for National Geographic News
Even as the dust settles from China's deliberate March 1 crash of its Chang'e-1 lunar orbiter, NASA scientists are readying their own moon-smashing probe in the hopes of dislodging lunar ice.
The new NASA mission, set to lift off next month, will advance a decades-long tradition of bullying the moon in the name of science—and some experts are urging extra caution for the future.
Known as the Lunar Crater Observation and Sensing Satellite (LCROSS), NASA's craft will gouge a 100-foot-wide (30-meter-wide) hole in the moon, letting fly 220 tons of material.
Such violent impacts are par for the course—the moon is already littered with more than two dozen landers, orbiters, and rovers launched since the 1960s.
But as the new international space race heats up, there's a growing movement to balance scientific ambition with its possible consequences.
"Any time you crash, obviously you destroy some area of lunar surface for any kind of scientific study, and that's not good," said NASA's lunar sample curator Gary Lofgren. (Read more about NASA's lunar sample collection.)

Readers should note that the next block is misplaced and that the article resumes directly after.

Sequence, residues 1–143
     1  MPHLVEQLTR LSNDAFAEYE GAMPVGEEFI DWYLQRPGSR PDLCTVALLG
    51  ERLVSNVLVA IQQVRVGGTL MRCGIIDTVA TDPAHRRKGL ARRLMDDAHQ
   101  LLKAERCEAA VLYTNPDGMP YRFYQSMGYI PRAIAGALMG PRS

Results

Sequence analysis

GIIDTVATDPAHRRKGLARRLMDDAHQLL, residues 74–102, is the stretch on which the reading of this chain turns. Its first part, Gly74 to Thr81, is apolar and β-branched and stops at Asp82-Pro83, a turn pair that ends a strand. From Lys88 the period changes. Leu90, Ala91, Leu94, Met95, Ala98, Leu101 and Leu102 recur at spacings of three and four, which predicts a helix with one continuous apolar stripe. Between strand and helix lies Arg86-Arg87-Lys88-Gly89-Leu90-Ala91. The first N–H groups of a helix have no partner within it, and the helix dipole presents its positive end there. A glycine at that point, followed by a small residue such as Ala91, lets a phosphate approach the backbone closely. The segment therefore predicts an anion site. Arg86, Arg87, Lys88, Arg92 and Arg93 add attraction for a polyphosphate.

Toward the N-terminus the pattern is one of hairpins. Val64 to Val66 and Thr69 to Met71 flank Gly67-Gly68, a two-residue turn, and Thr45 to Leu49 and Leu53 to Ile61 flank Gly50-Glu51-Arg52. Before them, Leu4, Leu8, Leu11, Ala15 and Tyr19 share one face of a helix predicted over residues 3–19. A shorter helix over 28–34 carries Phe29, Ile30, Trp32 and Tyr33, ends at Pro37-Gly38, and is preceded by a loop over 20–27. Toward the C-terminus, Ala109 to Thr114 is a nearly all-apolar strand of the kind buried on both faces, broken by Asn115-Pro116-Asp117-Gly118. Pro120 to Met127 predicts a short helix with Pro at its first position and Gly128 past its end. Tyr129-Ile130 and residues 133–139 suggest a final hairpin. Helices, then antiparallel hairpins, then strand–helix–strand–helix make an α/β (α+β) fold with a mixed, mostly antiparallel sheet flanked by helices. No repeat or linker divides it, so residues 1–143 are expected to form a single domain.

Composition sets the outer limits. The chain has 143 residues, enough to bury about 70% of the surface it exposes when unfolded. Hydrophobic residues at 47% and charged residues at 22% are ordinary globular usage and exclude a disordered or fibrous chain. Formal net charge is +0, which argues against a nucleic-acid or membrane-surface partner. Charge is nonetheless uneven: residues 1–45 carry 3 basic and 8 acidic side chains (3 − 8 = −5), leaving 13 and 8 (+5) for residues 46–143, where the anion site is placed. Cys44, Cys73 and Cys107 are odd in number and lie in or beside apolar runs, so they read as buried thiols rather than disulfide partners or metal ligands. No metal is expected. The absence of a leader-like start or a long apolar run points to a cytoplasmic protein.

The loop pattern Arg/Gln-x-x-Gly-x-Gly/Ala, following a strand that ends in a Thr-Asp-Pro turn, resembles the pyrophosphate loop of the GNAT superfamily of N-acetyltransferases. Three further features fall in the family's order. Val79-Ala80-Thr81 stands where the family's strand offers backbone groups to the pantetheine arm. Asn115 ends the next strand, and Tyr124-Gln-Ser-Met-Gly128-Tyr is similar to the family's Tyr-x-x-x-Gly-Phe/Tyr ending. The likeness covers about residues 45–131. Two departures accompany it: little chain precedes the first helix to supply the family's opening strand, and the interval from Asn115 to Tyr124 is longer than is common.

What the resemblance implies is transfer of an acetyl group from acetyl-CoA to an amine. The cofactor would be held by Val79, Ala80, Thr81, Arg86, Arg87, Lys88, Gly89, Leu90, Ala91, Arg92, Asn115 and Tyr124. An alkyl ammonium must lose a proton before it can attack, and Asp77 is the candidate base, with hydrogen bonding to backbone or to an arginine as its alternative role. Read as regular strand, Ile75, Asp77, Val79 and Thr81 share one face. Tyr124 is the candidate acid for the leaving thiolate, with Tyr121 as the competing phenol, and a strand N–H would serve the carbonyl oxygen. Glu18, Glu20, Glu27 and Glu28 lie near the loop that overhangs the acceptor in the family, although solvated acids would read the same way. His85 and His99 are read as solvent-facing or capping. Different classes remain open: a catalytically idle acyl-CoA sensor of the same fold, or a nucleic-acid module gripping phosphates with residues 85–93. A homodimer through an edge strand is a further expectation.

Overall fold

Last year the International Council for Science's committee on space research imposed new documentation requirements to maintain the credibility of future discoveries on the moon.
"You want to be able to understand what materials you brought with you versus what materials would have been deposited there naturally," said Catharine Conley, NASA's planetary-protection officer.
Merely a Flesh Wound?
The SUV-size Lunar Reconnaissance Orbiter should launch on April 24 and will send LCROSS hurtling into the moon in early August.
The world's telescopes will be watching for the kicked-up debris, and there's a chance amateur astronomers will be able to see the dust cloud with backyard telescopes.
NASA officials say LCROSS is key to the future of lunar exploration. If the probe confirms reservoirs of ice on the moon, those water sources could support bases that might eventually propel humans to Mars and beyond.
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